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Quantification of the lithogenic carbon pump following a dust deposition event

Author(s): M. Bressac | C. Guieu | D. Doxaran | F. Bourrin | K. Desboeufs | N. Leblond | C. Ridame

Journal: Biogeosciences Discussions
ISSN 1810-6277

Volume: 10;
Issue: 8;
Start page: 13639;
Date: 2013;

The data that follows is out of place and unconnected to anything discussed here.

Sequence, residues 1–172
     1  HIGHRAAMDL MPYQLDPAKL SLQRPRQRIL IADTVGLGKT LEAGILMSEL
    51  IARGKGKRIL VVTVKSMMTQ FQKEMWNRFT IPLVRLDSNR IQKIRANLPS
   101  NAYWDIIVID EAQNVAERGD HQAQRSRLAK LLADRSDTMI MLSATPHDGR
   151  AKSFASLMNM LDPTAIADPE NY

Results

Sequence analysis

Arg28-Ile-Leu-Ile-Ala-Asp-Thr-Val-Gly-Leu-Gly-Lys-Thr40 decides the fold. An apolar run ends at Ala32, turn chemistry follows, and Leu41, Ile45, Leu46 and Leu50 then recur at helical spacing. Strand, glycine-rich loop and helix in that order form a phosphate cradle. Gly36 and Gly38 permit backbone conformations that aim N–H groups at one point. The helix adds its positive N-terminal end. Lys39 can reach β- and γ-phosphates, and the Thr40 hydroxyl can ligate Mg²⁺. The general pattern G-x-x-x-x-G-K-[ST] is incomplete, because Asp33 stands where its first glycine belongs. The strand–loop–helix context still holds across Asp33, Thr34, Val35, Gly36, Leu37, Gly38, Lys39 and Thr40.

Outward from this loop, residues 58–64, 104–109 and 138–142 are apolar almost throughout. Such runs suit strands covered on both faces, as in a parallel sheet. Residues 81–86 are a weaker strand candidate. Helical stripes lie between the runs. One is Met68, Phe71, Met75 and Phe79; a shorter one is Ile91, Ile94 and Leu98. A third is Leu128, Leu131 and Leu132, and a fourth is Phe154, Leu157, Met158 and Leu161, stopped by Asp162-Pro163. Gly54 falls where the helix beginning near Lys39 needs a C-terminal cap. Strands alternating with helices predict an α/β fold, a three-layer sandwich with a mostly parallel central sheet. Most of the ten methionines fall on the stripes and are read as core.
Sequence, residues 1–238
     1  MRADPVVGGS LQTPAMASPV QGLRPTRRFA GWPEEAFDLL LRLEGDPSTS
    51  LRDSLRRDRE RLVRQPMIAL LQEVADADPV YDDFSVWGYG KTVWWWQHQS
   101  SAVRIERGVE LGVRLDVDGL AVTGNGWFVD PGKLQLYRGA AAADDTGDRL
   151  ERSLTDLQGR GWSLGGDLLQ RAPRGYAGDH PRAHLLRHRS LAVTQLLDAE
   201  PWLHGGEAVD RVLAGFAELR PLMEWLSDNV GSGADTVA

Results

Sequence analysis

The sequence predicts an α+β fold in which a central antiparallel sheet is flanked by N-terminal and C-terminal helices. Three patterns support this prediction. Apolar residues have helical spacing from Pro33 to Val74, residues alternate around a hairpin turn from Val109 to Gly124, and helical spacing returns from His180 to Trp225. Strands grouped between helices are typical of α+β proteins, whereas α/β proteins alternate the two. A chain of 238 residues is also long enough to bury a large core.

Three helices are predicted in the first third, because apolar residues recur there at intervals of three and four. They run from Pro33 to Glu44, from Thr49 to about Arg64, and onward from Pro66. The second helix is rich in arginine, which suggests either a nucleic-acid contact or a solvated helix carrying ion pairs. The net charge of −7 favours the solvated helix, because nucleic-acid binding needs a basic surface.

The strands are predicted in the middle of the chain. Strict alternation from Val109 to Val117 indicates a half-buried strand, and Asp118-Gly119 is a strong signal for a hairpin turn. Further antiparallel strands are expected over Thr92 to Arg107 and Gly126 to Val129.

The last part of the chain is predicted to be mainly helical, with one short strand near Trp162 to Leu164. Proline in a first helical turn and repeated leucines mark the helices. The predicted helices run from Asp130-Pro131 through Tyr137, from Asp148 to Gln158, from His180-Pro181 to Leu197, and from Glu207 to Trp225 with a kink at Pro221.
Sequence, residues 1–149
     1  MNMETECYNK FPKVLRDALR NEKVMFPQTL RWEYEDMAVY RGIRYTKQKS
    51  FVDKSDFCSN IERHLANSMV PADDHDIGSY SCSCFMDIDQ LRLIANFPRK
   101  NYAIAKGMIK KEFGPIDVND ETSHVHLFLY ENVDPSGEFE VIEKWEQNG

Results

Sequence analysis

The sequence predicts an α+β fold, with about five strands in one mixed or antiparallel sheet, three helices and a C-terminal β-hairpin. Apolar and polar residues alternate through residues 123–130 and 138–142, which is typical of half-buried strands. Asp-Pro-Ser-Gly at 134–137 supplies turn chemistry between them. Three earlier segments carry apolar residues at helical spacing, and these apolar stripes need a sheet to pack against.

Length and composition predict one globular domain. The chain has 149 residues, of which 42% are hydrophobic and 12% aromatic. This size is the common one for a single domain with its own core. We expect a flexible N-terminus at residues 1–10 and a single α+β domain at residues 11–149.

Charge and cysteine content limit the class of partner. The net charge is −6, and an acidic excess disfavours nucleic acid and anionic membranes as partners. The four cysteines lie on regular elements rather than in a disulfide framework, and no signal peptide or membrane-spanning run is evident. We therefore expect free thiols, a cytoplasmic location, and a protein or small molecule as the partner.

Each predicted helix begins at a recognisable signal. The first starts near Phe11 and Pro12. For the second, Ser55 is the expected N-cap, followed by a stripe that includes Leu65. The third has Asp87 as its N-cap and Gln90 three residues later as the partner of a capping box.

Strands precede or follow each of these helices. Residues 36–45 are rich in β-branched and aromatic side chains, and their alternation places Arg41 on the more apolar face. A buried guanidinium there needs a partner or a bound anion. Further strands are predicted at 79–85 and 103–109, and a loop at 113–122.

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Lithogenic particles, such as desert dust, have been postulated to influence particulate organic carbon (POC) export to the deep ocean by acting as mineral ballasts. However, an accurate understanding and quantification of the POC-dust association that occurs within the upper ocean is required in order to affine the "ballast hypothesis". In the framework of the DUNE project, two artificial seedings were performed seven days apart within large mesocosms. A suite of optical and biogeochemical measurements were used to quantify surface POC export following simulated dust events within a low-nutrient low-chlorophyll ecosystem. The two successive seedings led to a 2.3–6.7 fold higher POC flux as compared to the POC flux observed in controlled mesocosms. A simple linear regression analysis revealed that the lithogenic fluxes explained more than 85% of the variance in POC fluxes. At the scale of a dust deposition event, we estimated that 42–50% of POC fluxes were strictly associated with lithogenic particles through an aggregation process. Lithogenic ballasting also likely impacted the remaining POC fraction which resulted from the fertilization effect. The observations support the "ballast hypothesis" and provide a quantitative estimation of the surface POC export abiotically triggered by dust deposition. In this work, we demonstrate that the strength of such a "lithogenic carbon pump" depends on the biogeochemical conditions of the water column at the time of deposition. Based on these observations, we suggest that this "lithogenic carbon pump" could represent a major component of the biological pump in oceanic areas subjected to intense atmospheric forcing.
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